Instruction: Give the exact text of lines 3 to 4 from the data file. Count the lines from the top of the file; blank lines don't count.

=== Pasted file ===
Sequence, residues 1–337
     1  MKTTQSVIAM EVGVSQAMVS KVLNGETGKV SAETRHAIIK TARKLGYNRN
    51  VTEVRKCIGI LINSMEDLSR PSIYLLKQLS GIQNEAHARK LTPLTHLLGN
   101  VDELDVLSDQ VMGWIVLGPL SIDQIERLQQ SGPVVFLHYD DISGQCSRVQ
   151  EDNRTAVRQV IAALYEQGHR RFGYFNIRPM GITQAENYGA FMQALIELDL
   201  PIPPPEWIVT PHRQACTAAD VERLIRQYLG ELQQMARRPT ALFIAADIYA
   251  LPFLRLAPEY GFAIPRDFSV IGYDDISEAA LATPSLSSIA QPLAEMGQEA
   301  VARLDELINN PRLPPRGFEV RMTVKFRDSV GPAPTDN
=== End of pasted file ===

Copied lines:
    51  VTEVRKCIGI LINSMEDLSR PSIYLLKQLS GIQNEAHARK LTPLTHLLGN
   101  VDELDVLSDQ VMGWIVLGPL SIDQIERLQQ SGPVVFLHYD DISGQCSRVQ